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It's easy to create and initialize a struct...

struct S{ int x; bool b; };

S s = {123,false};

But is it possible to use the same trick on an existing object? Or is this a 1-time only thing?

   S s = {123,false};
   s = {456,true}; //fails
   s = S(){456,true}; //fails

Is there a syntax trick... obviously I could do:

   S s = {123,false};
   S temp={456,true};
   s = temp;

But can I remove explicitly declaring the temp variable?

I should add I'm working on VC++ 2008, so no fancy modern C++ stuff is available :(

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5 Answers 5

up vote 3 down vote accepted

No. Initialization is a one time occurrence. Initialization occurs only when you create as well as assign some values to the created object at the same time (i.e., in one statement0.

Once the object is created you can only assign new values to it.

In short,
You can't reinitialise anything in C++. You can initialise objects or you can assign them.

Once you understand this fact, you can see that there are number of solutions possible such as

  • passing the structure members to the constructor & creating the structure object of it
  • overloading the =operator to do whatever you want
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I don't have a ctor or an operator=... I know I can do those things but this question is specifically seeking an alternative. –  John Mar 1 '12 at 10:02
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You could add a constructor to your struct and then you could do something like:

struct S
{
    S(int x_in, bool b_in): x(x_in), b(b_in) { }
    int x;
    bool b;
}

S s(123, false);
s = S(456, true);
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In c++11 you can:

s = S({456, true});
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In C++11, an you can construct a temporary from an initializer list and use it with assignment operator. Thus you can write:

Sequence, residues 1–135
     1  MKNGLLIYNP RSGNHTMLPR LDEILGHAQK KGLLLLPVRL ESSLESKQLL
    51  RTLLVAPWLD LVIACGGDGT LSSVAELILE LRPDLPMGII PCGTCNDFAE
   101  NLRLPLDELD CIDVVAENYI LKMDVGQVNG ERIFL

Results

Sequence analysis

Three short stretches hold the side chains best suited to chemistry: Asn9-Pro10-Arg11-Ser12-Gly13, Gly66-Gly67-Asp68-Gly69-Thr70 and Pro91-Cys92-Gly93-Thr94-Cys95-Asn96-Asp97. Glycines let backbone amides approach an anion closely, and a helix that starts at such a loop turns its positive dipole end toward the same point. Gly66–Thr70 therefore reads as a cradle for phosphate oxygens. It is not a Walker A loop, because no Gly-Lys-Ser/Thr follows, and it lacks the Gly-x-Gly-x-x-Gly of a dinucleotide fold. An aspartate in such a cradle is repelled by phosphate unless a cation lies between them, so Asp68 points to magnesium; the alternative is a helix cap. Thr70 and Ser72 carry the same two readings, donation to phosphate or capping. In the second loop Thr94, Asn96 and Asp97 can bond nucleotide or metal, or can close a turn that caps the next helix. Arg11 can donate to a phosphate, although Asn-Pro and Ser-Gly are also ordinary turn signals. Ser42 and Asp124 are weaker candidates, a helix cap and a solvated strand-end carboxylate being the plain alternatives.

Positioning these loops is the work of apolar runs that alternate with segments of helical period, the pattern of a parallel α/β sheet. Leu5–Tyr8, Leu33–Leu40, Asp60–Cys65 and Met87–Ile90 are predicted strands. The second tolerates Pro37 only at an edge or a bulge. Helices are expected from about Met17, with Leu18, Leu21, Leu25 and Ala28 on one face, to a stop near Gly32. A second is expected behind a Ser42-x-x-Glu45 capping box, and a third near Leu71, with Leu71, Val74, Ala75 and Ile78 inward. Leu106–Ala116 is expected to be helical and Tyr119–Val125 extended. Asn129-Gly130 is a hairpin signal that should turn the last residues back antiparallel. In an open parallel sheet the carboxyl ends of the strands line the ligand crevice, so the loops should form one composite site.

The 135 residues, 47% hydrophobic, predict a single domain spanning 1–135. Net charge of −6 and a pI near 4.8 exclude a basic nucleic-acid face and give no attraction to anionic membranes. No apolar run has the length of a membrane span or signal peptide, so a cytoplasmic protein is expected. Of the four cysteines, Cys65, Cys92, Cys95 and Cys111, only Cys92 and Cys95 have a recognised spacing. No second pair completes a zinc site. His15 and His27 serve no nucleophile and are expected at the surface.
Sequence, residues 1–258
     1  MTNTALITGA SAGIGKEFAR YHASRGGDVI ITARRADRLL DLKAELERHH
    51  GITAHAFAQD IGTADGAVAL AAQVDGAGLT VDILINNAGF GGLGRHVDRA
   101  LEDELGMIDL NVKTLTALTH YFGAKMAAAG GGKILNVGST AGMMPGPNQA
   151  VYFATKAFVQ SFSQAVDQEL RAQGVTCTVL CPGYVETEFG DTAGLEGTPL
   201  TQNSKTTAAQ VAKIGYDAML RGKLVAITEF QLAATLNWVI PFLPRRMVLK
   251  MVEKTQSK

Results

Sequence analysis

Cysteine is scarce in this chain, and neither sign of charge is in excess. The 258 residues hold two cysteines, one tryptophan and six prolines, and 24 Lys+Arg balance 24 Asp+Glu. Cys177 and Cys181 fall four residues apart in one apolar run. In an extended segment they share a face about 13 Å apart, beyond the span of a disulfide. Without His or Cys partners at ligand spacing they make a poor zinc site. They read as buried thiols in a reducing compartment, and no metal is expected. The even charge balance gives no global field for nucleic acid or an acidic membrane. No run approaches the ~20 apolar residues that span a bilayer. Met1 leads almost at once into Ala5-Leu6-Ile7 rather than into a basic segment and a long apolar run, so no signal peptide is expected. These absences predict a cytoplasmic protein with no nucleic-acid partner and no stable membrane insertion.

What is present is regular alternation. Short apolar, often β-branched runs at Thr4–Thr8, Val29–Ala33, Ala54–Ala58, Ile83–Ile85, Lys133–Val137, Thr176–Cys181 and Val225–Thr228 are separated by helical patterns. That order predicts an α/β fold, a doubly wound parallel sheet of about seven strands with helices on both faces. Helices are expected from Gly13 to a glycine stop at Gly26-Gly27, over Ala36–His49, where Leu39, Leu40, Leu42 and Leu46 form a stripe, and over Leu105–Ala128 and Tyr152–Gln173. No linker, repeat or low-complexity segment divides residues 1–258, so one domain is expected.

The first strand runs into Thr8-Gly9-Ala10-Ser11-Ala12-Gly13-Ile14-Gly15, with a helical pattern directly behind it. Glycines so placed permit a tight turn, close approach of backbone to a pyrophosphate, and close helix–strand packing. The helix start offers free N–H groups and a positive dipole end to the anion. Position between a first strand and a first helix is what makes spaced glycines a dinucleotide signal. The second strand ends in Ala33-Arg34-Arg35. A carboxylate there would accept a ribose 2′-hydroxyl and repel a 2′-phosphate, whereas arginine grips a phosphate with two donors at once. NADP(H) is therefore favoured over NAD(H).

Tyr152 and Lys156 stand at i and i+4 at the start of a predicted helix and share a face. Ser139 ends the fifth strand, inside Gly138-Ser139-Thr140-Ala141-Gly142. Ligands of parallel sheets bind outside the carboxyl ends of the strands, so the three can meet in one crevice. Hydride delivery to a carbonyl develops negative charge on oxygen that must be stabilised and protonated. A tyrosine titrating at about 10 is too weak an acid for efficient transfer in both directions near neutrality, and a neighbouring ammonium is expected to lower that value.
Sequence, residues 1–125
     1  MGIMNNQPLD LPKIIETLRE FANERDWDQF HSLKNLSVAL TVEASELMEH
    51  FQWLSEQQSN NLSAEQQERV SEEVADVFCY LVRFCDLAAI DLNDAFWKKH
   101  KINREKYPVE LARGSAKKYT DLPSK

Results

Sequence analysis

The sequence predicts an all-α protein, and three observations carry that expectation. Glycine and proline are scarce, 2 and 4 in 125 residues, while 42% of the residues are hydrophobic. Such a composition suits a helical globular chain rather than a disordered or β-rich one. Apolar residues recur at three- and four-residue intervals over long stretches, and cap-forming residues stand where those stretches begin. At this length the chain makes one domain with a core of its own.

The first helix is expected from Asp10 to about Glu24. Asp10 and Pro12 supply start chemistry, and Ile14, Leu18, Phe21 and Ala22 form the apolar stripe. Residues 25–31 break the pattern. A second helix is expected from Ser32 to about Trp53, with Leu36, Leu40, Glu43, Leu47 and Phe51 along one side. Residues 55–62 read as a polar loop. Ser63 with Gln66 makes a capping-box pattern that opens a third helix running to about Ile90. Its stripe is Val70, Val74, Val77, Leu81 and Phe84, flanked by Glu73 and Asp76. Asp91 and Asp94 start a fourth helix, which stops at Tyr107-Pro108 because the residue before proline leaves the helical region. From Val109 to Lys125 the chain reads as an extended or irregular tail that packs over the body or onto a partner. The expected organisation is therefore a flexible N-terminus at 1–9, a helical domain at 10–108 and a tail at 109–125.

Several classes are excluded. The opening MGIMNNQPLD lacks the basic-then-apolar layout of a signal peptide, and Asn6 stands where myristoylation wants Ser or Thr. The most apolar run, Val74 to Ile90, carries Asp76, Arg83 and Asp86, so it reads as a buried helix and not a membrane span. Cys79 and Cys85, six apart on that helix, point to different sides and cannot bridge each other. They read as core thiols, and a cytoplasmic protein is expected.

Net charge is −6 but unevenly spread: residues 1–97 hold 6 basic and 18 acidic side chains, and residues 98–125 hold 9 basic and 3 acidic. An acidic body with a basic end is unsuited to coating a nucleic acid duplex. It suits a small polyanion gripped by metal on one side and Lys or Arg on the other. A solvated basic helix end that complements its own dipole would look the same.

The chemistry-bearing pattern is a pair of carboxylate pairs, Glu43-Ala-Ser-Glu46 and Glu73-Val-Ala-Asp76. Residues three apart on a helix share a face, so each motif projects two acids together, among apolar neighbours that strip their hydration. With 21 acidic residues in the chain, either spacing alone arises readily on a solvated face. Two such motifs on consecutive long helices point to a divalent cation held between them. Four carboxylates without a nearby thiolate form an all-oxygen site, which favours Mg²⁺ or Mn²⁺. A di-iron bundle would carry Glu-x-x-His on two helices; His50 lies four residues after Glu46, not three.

struct S {
    int x;
    bool b;
};

int main()
{
    S s = {42, true};
    s = {0, false};
}
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I dont think struct would support re initialization by default.

 S s = {123,false};
   S temp={456,true};
   s = temp; //calls the = operator

Maybe you could try overloading the assignment operator

Or you can try creating temp on the fly.

 S s = {123,false};

   s = S (456,true); // this should work i suppose
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s = S (456,true); unless S has a ctor, that doesn't work. –  John Mar 1 '12 at 10:31
    
Yeah is that to be specially mentioned? its creating temporary variable and requires constructor to be called. –  Rohit Mar 1 '12 at 10:32
    
If my struct has a ctor, the entire point of my question doesn't exist in the first place. –  John Mar 1 '12 at 11:32
    
And if your struct doesnt have a ctor then the answer to the question also doesnt exist! unless you are on c++11 –  Rohit Mar 1 '12 at 11:36
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